For example, the animation of the characters when they're running is really well done. In KotOR, for example, when you were running around your character stayed bolt upright when you turned. In Mass Effect, you can see the character shifting their weight and leaning into the turn as they change direction, and the faster you turn, the further they lean over to maintain their balance. It's a little thing, having avatars that obey the laws of motion (rather than sliding about rigidly like a robot), but it really makes me smile. I also enjoy using the thrusters on the Mako to do some limited vehicular acrobatics on the planets. Give me physics and I will play with it...

Friday, June 13, 2008

Byte: Massively Effective

You may have noticed it's been a bit quiet around here lately. There's a very good reason for that. I've been mainlining Mass Effect on PC for the last week, so I haven't had any spare time to devote to the diverting niceties of blogging. Now that I've finished the game, I'm going to talk about it, with huge amounts of spoilers, so if you have any intentions of playing the game, here's the short version of my verdict before I get to the things that might ruin it for you: It's absolutely brilliant. It's not a revolutionary step up from Knights of the Old Republic - if anything, it doesn't do much to veer from the typical Bioware formula of that game - but the combat is so well implemented, that you're not really going to care. For me, it plays like a very talky FPS, rather than an RPG, but the implementation of RPG skills in the FPS model is much smoother than in something like Deus Ex. From me, all you're going to get is an unreserved recommendation to buy it. It's terrific.

And now, the analysis and 5P0IL3RZ. Leave now if you don't want to be thoroughly spoiled. Really. Last chance now...

Firstly, let's get the sex out of the way. When Mass Effect was released, there was a huge ruckus in the US about it featuring "full digital nudity and the ability for players to engage in graphic sex" and "the most realistic sex acts ever conceived"... Suffice to say that these statements were made by people who'd never played the game and that these comments, to crib a phrase from Boris Johnson (Grud forbid) are an inverted pyramid of piffle. Actually, I'd go stronger than 'piffle'. I'd go so far as 'bullshit'. Frankly, you see more tits'n'ass and explicit sex on Springwatch... (Randomly, Kate Humble has got lovely hair) and it's about as offensive - that is, not at all. The phrase "much ado about nothing" springs to mind.

I sexed Ashley, because she's terrific. Sassy, confident, funny, a kickass soldier and not afraid of speaking her mind, she's a brilliant character. She even beats KotOR's Bastila as the NPC I most have the hots for. I most like her not because her ass looks great in a combat hard-suit (though it does) but because she's got the best lines, some of which are spectacularly inappropriate. A good example is early in the game where you pay a visit to a "gentlemen's club" on the Citadel and she comments "Here we are, one million light years away from Earth and we're in a bar where men are looking at women shaking their asses on a stage. I can't decide whether that's funny or sad." And she doesn't even bat an eyelid if you decide you want to sit down to watch a dance. You've got to love a girl like that. She even quotes Tennyson and Whitman (in context, to boot!), but her best line has got to be near the end where you have to choose between her and Kaiden splitting off from the main team to accompany a Salarian recon team to make a diversionary attack while you try and plant a nuke at the Main Bad's Evil Lair: "Why is it whenever someone says "with all due respect", they really mean "kiss my ass"?" She's absolutely adorable.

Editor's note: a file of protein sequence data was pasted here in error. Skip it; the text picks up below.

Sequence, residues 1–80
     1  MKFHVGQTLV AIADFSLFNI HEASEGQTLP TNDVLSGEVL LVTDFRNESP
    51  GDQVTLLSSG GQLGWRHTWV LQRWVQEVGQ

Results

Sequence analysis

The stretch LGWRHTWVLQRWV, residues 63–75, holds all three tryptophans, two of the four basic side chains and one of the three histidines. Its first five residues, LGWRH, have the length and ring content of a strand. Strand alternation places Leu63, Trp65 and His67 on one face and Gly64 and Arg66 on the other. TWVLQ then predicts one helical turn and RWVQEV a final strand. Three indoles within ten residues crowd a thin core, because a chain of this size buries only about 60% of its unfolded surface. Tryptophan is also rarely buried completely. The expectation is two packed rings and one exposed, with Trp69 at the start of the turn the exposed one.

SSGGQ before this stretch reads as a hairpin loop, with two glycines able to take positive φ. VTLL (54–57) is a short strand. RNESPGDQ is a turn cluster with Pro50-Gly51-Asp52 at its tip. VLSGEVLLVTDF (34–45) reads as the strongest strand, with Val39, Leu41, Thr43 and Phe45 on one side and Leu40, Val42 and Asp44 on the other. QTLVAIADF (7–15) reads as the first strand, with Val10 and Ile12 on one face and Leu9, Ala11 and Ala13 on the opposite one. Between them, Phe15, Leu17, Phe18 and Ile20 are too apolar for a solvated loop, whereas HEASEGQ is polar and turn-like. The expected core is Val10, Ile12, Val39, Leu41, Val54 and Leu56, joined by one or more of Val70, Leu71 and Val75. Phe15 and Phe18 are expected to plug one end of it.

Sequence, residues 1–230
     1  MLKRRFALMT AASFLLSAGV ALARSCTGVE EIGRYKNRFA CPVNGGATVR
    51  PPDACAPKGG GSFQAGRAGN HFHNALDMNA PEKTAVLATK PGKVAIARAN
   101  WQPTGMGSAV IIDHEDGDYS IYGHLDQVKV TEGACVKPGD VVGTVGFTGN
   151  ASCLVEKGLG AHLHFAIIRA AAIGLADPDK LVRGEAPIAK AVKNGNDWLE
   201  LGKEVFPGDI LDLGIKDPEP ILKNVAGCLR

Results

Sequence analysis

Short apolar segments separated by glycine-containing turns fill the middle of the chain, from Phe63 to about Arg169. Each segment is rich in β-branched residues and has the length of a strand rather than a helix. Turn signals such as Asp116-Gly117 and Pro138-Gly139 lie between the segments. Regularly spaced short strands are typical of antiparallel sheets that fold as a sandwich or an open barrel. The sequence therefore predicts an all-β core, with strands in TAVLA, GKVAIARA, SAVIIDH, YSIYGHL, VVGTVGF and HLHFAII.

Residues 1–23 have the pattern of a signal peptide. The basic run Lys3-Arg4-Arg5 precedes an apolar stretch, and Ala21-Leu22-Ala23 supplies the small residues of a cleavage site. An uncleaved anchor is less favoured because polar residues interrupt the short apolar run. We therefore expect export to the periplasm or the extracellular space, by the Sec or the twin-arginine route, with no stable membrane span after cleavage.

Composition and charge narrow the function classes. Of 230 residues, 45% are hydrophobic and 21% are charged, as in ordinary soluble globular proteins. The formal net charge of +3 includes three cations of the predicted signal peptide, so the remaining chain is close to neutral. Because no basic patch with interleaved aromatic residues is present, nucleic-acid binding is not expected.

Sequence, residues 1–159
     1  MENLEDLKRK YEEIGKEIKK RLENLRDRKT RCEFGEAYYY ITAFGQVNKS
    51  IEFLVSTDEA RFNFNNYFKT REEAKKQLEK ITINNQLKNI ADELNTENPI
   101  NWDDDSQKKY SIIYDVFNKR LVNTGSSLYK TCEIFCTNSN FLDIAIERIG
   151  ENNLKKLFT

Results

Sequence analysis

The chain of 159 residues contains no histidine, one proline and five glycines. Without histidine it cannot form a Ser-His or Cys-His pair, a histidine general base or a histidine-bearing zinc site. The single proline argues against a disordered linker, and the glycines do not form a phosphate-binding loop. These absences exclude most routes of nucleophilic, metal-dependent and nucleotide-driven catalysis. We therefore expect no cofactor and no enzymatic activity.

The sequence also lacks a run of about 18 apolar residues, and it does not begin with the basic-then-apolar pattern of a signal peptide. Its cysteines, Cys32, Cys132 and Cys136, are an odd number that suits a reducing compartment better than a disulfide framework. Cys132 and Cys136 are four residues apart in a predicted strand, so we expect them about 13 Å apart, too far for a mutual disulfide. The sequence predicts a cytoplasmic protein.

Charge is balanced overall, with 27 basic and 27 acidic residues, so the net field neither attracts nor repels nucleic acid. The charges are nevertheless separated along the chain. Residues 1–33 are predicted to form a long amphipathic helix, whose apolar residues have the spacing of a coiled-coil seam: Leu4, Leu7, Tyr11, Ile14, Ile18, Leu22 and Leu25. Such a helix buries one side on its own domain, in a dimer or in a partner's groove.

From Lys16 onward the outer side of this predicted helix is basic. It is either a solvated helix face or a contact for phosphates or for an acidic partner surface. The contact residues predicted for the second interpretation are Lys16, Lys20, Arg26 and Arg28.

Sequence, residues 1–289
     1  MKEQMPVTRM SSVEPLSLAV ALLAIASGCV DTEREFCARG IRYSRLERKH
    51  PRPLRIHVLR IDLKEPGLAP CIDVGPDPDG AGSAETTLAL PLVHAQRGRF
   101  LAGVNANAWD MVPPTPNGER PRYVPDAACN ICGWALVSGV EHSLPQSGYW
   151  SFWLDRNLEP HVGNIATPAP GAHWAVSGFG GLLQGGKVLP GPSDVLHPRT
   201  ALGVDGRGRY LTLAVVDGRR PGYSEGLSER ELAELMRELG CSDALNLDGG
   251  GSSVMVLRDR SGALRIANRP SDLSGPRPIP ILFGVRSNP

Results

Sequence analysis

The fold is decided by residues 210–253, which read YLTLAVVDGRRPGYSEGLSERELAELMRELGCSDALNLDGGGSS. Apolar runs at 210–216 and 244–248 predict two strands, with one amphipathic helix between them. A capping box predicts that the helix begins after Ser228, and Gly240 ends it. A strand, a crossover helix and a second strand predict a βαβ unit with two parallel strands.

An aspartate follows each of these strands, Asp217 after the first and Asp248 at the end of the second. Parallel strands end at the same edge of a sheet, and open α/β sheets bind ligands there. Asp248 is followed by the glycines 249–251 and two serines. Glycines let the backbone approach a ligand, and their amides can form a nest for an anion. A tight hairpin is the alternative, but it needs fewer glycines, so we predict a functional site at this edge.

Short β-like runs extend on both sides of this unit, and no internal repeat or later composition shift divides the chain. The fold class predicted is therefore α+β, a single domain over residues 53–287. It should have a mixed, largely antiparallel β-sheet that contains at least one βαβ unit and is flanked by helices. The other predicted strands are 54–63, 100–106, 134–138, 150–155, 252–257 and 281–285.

It's a bit of a shame (if unsurprising) that the rest of your Ship of Fools (or as Richard would call them, 'The Ship of Extras') aren't quite so memorable, but I did like Wrex a lot and the rest of the cast are actually verging on being useful in a firefight (rather than the norm of only two being worth a damn and the others just being there for colour), which is surely breaking some kind of law. I went through most of the game with Ashley and either Wrex or Garrus: mainly for sheer firepower; swapping Wrex with Garrus whenever I needed hacking abilities rather than biotic effects (my character was a straight Soldier class). For the random on-planet rambling with the Mako rover, I took the techies (Tali and Kaiden or Garrus) if only to allow me to hack into artifacts and loot more easily, so I managed to find a use for pretty much all of the characters, even if I tended to favour just a couple of them for the main story missions.

The voice actors, typically for a Bioware game, are well-cast, particularly Seth Green as Joker and Lance Henriksen as Admiral Hackett, though the biggest props have to be awarded to Jennifer Hale, who does the voice work for the lead character if you choose to play as the deadlier gender of the species. Cam "Bloody" Clarke makes his obligatory appearance, bless him, though thankfully not in a lead role this time. It's bad enough having to suffer Carth Mark II as the hetero-romantic lead for a female character, but at least it's not Sky Mark II... honestly, I'm sure Cam Clarke is a nice enough guy, but... that voice. Brrr...